DO NOT TOAST THESE IN A STANDARD TOASTER. It will cause a mess. Enjoy cold or from an oven (regular or toaster).

Wednesday, January 18, 2012

Baking Week Three: White Chocolate

After much hemming and hawing over what to do for white chocolate week, I finally settled on making a white chocolate mousse and layering it with some rich chocolate cake and have some delicious ganache over top.  Once again I turned to my trusty cake collection in search of a recipe.  I thought I was only looking for a basic chocolate cake recipe and instead ran across a recipe for something called a Chocolate Truffle Torte.  It sounded so decadently delicious that I couldn't resist and immediately began baking. 

The Chocolate Truffle Torte has four main components: the cake, the mousse, and white and dark ganache.  You make them in about that order with lots of chilling in between.

One note before you even begin considering making this.  Be sure you have plenty of time.  I recommend one of those lazy Sunday afternoons because by rushing this in an evening after work, things did not set as they should.

I also recommend eating this cake in VERY small slices as it is one of the most decadent things I have eaten.  Oh and use a warm knife to cut it!  

This cake makes one 9 inch torte
 Start by preheating the oven to 300* F

¾ lb. Unsalted butter, cut into 12 (1oz.) pieces
1 ½ lb. Semisweet  chocolate broken into ½ oz. pieces
4 Large eggs
4 Large egg yolks

Melt ½ piece of the butter and use it to coat a 3” deep, 9” springform pan.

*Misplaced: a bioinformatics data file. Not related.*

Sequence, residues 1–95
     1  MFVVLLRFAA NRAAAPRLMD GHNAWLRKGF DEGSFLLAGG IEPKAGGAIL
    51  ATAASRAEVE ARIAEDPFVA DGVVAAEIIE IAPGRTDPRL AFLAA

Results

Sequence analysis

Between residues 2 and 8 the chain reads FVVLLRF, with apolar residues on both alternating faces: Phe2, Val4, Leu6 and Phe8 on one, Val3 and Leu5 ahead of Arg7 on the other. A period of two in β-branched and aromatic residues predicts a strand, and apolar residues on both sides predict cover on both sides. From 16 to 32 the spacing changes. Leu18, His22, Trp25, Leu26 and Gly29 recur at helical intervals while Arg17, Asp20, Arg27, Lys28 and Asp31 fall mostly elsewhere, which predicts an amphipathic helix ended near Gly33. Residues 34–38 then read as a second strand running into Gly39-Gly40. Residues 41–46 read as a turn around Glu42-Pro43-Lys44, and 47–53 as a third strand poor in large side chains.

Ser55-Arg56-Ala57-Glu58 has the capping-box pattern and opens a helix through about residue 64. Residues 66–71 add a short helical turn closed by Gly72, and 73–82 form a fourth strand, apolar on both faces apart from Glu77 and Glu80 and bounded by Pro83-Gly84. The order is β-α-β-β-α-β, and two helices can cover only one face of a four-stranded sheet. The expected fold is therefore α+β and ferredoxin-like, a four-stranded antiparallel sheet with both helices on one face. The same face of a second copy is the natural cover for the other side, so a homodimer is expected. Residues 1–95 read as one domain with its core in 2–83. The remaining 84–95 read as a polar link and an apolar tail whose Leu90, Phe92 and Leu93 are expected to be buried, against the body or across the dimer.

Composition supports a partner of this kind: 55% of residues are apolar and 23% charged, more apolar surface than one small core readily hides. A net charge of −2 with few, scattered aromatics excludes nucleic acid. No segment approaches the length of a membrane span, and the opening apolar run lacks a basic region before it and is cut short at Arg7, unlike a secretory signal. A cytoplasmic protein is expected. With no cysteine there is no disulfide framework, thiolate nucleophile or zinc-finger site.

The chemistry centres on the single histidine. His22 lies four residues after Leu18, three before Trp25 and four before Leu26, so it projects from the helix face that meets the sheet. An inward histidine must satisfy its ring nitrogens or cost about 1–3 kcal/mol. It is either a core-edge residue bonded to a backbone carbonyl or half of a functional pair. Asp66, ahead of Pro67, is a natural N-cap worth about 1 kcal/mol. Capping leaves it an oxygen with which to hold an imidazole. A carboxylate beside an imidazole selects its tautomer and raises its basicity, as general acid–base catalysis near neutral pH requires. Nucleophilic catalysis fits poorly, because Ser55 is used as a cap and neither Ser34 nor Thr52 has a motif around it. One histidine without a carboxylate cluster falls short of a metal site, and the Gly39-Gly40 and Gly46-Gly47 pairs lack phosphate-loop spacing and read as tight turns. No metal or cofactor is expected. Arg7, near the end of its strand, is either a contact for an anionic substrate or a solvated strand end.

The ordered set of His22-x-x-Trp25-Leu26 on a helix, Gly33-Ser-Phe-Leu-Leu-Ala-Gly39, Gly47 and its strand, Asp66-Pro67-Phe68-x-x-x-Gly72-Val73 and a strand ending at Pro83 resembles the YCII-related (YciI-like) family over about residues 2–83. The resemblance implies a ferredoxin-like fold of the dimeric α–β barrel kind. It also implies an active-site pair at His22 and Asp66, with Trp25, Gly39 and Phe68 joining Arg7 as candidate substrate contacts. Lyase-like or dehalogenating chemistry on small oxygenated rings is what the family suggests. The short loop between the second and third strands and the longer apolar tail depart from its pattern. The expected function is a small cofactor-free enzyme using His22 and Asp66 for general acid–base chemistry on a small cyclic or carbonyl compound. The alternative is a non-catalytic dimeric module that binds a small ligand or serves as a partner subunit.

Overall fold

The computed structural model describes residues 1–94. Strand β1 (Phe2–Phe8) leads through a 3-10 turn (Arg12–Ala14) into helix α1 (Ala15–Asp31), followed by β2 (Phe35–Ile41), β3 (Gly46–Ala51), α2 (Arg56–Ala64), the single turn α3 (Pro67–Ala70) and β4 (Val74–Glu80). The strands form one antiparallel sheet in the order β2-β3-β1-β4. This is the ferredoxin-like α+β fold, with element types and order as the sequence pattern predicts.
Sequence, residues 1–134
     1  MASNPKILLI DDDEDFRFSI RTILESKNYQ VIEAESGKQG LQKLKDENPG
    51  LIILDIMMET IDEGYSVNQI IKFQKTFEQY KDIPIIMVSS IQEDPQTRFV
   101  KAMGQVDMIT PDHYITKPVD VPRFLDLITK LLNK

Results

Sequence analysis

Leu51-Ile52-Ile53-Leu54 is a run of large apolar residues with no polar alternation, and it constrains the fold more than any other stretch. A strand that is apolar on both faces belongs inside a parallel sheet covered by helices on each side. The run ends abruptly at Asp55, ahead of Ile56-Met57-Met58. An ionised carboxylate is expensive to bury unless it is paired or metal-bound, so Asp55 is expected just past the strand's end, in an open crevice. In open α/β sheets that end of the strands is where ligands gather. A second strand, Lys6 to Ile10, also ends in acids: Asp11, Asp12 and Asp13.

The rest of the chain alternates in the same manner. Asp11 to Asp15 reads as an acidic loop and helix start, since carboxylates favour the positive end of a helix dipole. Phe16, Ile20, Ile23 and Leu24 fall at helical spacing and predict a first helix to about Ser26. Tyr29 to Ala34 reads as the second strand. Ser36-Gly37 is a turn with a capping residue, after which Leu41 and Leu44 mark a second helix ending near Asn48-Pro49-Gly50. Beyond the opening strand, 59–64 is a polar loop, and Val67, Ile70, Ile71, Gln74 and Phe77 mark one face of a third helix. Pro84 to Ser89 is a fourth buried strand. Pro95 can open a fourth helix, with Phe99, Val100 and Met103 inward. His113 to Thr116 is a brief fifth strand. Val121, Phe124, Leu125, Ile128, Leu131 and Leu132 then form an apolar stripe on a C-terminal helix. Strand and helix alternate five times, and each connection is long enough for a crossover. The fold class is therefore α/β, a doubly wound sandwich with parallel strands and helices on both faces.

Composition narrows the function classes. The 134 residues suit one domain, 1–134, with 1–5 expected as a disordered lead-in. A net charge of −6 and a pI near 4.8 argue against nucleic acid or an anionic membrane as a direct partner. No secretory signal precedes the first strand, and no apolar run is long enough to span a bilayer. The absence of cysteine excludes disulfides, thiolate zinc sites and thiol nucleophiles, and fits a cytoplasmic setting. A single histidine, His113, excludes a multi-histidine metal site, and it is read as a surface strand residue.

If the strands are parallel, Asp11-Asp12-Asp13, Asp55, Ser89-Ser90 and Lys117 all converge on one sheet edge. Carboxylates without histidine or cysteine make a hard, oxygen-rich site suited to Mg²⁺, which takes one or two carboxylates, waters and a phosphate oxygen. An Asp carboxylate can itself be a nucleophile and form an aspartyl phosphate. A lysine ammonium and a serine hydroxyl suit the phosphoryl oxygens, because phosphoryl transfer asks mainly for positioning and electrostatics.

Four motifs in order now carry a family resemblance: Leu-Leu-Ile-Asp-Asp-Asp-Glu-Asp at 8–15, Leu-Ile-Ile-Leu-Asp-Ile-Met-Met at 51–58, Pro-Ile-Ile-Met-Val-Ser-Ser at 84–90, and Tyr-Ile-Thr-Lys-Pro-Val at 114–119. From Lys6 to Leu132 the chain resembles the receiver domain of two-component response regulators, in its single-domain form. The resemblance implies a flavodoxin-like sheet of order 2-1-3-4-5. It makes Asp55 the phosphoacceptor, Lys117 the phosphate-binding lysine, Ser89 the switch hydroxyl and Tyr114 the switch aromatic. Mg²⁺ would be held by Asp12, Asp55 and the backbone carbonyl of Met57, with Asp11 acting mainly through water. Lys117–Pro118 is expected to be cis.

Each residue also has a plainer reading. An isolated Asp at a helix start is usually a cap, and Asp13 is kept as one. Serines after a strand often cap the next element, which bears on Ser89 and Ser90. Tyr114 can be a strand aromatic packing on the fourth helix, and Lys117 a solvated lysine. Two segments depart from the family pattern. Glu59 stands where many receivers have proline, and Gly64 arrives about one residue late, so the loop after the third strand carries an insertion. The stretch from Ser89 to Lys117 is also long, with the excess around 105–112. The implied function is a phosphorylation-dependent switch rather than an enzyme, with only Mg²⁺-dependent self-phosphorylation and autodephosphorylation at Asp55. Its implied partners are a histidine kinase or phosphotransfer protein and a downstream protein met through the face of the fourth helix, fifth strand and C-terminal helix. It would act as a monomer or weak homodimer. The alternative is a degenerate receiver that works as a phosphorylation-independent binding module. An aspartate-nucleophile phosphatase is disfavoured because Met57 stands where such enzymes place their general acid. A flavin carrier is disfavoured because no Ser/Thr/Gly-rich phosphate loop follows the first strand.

Heat 1” water in bottom of double boiler and use it to heat chocolate and remaining butter until it stirs smooth.  Transfer to a 5 qt. steel bowl.

Heat 1” water in bottom of a double boiler.  Put eggs and yolks in the top half and whisk while heating to 110* (2-3 min.)  Be very careful that you don't start cooking your eggs.  I did but it all still came out okay.  Transfer to mixer bowl and use a balloon whip to whisk on high until they become pale. (6-7 minutes)

Fold 1/3 of the eggs into chocolate.  Add remaining egg and fold thoroughly.  Pour into pan and put on a baking sheet on the center rack of oven for 1 hr. 10 min. to 1 hr. 15 min. until it reaches an internal temperature of 170*.  I baked mine for an hour, and it had some dark taste to the edges but as previously discussed my oven cooks quickly.  

Cool in pan 45 minutes.  Press gently on outside edges of cake.  Remove the sides of the pan and refrigerate (on pan bottom) at least 1 hour.  More is probably better.

Now, make the mousse:

6 oz. White chocolate in ½ oz. pieces
2 Tbsp. Water